Does designing a web page for a client count as speech, so is the designer compelled by Colorado law? Designing a wedding page for same-sex couples This morning at the Supreme Court took center stage.
Creative 303 LLC with Elenis This morning comes to court and brings with it competing Supreme Court precedents on when the government can compel a business or agency to deliver a message or idea they object to. At the heart of the case, Lorie Smith, owner of Creative 303 LLC, wanted to design a web page for a wedding. But she has religious objections to same-sex marriage and doesn’t want to design the page to celebrate gay couples. That puts her at odds with Colorado’s anti-discrimination law, so she has gone to federal court to seek a ruling in her favor.
During more than two hours of argument, the justices discussed whether Smith was actually giving “expressive speech” if she did not post about herself on those pages, the difference between denying a client and denying a statement, and the Supreme Court’s Which precedents should influence the outcome of this case.
Kristen Waggoner, Smith’s attorney and Coalition for the Defense of Freedom, wants the court to turn to Hurley v Boston Irish American Gay, Lesbian and Bisexual CommunityIn a 1995 case, the Supreme Court ruled that organizers of the St. Patrick’s Day Parade in Boston could not be compelled to allow marchers to enter the parade carrying flags of gay organizations, which would have forced them to send a message of support for the parade organizers to disagree.
Colorado is represented by Deputy Attorney General Eric Olson and is backed by U.S. Attorney General Brian Fletcher. The Justice Department agrees with Colorado that Smith did not simply deny the option to all same-sex couples.They asked the court to use Rumsfeld v. Academic and Institutional Rights Forum, Inc. as a guiding precedent. The 2006 decision held that universities could be forced to make room for military recruiters, despite any moral objections they might have.
Smith has not been accused of rejecting anyone. She has asked the court to rule before she starts rejecting same-sex clients because it is consistent with her First Amendment rights. So this morning’s debate revolved around several hypothetical scenarios, as neither side has any actual examples of Smith rejecting anyone.
in a manner similar to those followers Masterpiece Cakeshop v. State of Colorado, the judges questioned the boundaries of what actually counts as speech or expression. Throughout the proceedings, Judge Elena Kagan mulled over the difference between a wedding website, where the designer simply plugs in the information given to them, and a website where the designer actually needs to craft specific information to celebrate the marriage. She noted that Creative 303 included examples of websites that didn’t appear to have any sort of celebratory message, but did wonder if Smith would be forced to add “God bless this league” to the website in violation of her religious beliefs. While there appears to be an agreement that she cannot be forced to do so, the judges are still struggling to find the line between speech and discrimination.exist masterpieceThis Supreme Court rejects the core issue. Now they are revisiting it.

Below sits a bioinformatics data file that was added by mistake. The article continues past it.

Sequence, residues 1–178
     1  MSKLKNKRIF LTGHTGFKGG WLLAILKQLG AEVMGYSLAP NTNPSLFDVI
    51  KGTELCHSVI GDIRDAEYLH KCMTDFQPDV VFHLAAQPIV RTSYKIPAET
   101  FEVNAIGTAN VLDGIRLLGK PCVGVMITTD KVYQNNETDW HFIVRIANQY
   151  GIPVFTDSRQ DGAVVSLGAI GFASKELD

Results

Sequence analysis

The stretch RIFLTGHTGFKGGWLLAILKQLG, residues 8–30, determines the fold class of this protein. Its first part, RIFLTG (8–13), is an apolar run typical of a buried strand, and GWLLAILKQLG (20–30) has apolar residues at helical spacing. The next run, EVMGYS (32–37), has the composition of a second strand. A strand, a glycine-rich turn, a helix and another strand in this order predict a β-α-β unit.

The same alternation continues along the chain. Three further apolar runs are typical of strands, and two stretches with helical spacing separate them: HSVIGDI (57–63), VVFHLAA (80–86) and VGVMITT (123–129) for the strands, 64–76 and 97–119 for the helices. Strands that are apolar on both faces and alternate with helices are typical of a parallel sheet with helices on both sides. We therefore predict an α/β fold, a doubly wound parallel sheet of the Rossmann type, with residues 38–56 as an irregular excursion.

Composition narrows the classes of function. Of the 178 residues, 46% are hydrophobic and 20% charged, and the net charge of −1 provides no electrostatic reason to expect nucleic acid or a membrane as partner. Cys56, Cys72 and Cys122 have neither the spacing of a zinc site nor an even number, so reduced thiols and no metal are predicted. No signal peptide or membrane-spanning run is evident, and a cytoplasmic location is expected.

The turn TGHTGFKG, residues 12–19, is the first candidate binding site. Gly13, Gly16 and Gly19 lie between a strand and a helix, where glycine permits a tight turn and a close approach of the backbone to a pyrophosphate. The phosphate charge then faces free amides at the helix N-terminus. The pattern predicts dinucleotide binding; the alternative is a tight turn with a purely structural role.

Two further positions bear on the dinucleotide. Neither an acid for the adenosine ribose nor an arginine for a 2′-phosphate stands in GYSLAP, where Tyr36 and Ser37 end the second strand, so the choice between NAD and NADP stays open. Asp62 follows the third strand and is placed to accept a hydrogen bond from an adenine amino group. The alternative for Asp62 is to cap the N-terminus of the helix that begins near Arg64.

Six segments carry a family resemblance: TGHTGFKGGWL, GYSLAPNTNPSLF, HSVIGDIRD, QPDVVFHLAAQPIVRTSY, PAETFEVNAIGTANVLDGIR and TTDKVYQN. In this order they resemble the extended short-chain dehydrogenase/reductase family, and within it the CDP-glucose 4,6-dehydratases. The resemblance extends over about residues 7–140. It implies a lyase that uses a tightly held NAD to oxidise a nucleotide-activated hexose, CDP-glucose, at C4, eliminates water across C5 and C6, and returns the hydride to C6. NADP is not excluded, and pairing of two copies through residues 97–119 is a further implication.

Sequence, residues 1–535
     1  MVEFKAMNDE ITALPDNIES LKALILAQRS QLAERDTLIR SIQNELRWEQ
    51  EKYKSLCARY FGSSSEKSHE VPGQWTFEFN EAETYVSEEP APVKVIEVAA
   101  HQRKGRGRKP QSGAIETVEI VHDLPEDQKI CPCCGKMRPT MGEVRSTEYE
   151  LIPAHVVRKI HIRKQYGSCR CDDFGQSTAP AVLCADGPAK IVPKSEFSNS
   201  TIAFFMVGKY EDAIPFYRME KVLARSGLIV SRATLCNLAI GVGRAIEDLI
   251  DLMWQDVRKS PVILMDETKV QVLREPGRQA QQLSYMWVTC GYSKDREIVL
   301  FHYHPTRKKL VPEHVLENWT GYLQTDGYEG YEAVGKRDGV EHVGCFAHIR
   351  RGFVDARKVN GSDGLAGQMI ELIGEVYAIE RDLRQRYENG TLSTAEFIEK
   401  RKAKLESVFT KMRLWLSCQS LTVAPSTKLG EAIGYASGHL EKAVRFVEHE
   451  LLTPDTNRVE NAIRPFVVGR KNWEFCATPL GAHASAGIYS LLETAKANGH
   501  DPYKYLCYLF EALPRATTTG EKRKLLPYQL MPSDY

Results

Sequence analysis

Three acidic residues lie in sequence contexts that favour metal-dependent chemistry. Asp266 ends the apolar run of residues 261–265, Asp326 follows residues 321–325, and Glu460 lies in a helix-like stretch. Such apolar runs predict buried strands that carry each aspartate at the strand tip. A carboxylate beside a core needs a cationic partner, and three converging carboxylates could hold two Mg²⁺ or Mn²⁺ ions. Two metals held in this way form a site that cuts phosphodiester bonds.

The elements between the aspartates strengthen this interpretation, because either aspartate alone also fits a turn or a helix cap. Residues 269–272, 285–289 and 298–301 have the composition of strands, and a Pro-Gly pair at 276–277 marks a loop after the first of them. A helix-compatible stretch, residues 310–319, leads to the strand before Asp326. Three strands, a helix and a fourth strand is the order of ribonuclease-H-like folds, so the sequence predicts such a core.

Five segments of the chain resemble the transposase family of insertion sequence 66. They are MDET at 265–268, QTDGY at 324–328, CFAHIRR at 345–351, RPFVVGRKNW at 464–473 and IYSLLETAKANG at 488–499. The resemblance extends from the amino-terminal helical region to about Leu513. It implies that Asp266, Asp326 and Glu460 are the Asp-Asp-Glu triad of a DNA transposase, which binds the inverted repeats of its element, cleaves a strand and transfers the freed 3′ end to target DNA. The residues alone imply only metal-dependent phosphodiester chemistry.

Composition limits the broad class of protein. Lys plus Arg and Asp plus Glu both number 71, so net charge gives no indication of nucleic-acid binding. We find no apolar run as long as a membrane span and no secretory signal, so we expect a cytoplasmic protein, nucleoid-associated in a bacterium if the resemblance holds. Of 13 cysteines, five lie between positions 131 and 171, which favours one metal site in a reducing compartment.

Wagner thought the line was easy to pin down: Smith’s web page and its content both counted as Smith’s speech. It’s up to Smith to decide what she allows and doesn’t allow to include in the web page she’s designing. Olson and Fletcher argue that Smith’s rejection of same-sex marriage is essentially equivalent to rejection of same-sex customers (Wagner and Smith disagree), because in this case, the behavior and identity of the customers are “inseparable.”
More conservative judges seem inclined to side with Smith, concerned about the possibility of future hypothetical cases in which a freelance writer could be forced to write speeches for political candidates or positions he or she finds unpleasant . Will freelance PR professionals be forced to write press releases for the Church of Scientology?
Judge Amy Coney Barrett wondered whether a website serving the gay community could be required to post both straight and same-sex wedding announcements. Olson responded that the site might not bill itself as a “public facility,” but if it did, it would need to operate them. There was a rather brief discussion about whether there are restrictions on what the government classifies as “public accommodation”, which could have been more fleshed out.colorado seems to has a very broad definition This includes almost any good or service offered “to the public”.
Justice Neil Gorsuch noticed friend of the court briefly By Cato Institute and UCLA law professor Eugene Volokh (via warlock conspiracy) and Dale Carpenter, professor at Southern Methodist University’s Dedman School of Law (also warlock conspiracy) backed Smith.Although Volokh and Carpenter have Standing for Colorado Against Wedding Cake Baker Jack Phillips, they stood by Smith in this situation, arguing that “it was a verbal compulsion to compel her to create a website she objected to.” Gorsuch also, in passing, described the anti-discrimination training Phillips was ordered to undergo (before the Supreme Court ruled in his favor) as “re-education.”
Based on today’s debate, it’s hard to predict exactly what the Supreme Court will decide. Because of the intersection of First Amendment protections and public accommodation discrimination protections, the issue is wide-ranging and cuts across many areas. The ruling seems likely to favor Creative 303, but it’s also clear that the justices are looking for the right place to draw a fine line between protecting people from forced speech and the government’s interest in enforcing public accommodation laws. “How do you draw the line?” was a question asked by multiple judges on a variety of occasions. We’ll find out in the spring.